Failure. The word that is to have us believe it is the end all. We seem to want to avoid failure at every turn. It is ingrained in us. Run from failure at all costs. Failure is not an option. The fear of failure can get ingrained in our heads that it can keep us from fully embracing our goals, our dreams, our recovery. For much of my life that fear of failure fueled my addiction and powered my “ism’s”. That fear of failure transcended my addiction, and held on for many years into my recovery. But that tide is turning. I am changing my vantage point on the word failure. I am trying to look at it as a jumping off point rather than a point to stop.
Am I saying that I don’t fail anymore? That I want to fail? Not in the least bit. I fail at something every day in some capacity. I have realized though, when my thinking is so consumed about failing and its negative connotations, that I miss out on what failure really gives us the chance to do. It gives us the chance to be stronger. It gives us a chance to look at things from a different angle. It gives us the chance learn, adapt, and grow. When we think about how failure can impact, the word “can’t” often comes to mind.
“I can’t do this anymore”
“I can’t figure this out”
“I can’t succeed at this”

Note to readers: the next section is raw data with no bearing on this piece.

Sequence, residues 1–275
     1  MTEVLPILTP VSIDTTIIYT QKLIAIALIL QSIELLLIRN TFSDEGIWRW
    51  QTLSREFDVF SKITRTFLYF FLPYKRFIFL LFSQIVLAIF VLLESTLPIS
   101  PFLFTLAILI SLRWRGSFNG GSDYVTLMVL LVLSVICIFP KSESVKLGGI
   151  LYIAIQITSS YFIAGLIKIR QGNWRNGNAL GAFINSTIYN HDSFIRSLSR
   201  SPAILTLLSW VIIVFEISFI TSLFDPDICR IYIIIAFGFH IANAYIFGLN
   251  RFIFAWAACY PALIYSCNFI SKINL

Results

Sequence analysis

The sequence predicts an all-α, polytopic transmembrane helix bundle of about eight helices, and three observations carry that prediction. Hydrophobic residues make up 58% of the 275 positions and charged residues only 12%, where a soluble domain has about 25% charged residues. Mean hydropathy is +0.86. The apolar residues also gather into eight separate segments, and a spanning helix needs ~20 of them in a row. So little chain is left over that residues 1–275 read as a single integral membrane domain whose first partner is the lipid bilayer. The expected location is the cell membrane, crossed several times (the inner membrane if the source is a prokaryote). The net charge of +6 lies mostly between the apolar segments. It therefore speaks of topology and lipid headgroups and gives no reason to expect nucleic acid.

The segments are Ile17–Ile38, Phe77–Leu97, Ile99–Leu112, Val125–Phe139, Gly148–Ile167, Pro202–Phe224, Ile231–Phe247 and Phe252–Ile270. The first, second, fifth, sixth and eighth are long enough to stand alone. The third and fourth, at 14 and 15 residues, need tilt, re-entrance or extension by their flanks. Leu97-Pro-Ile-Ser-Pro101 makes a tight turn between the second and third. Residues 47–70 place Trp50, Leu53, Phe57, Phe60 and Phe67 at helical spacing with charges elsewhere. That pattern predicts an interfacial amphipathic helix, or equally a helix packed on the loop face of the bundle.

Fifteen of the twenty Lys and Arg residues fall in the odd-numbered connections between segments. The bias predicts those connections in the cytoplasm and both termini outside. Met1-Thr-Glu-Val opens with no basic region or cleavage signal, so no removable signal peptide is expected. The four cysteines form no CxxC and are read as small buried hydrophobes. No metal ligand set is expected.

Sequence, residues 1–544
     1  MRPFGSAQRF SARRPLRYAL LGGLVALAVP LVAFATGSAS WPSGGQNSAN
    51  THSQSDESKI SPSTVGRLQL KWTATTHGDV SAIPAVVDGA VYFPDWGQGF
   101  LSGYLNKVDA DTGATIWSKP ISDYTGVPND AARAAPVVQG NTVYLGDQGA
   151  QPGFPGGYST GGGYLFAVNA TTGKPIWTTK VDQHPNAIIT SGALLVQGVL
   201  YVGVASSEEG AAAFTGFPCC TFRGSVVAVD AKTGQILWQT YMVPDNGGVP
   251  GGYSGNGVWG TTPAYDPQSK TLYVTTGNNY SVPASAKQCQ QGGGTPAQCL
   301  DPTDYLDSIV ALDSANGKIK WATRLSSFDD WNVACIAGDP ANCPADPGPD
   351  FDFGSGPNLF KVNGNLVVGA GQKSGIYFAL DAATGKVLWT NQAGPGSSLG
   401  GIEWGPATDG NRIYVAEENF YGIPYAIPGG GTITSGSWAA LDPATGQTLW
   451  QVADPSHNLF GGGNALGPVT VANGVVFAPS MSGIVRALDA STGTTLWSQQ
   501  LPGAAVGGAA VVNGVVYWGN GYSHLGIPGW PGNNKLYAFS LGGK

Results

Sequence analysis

Think about this: David Ortiz, one of the greatest hitters in Boston Red Sox history had a career batting average of .286. That means he got a hit roughly 30% of the time. That means 70% of the time he did not. Now my fear of failure tells me that if I had 70% rate of failure should be a bad thing. It should outweigh the positives and I should just walk away. That word “can’t” starts becoming more powerful. Imagine if David Ortiz gave in to that line of thinking because of the 70% he didn’t get a hit. He wouldn’t have ever had the chance to be a World Series hero. How do we take that negative power and turn it to positive? It is not easy. I am trying to keep it simple. When I feel like my fear of failure is creeping in, rather than relying on “can’t” statements, I drop the “‘t “and give myself a positive affirmation.
I can do this.
I can figure this out.
I can succeed.
These affirmations seem simple. They are a start. It gives me a chance to look for solutions, rather than focusing on what has not worked up to that point. One thing I know my fear of failure tries to do to me is keeping me thinking there is only one way to do things. That you can’t teach an “old dog new tricks”. When I do choose to take the power away from the negative connotation of failure, I can think of it more as an opportunity to find another way, to learn a new trick. It’s not easy. Sometimes it takes time for me to get out of the “can’t” mindset. I have realized failure can only negatively impact my life today if I let it.
“Failure is a detour, not a dead end.” ~Unknown
The Jim Gillen Teen Center
The Jim Gillen Teen Center is an environment that celebrates, and helps facilitate recovery through dynamic programming, shared lived experience, and peer support.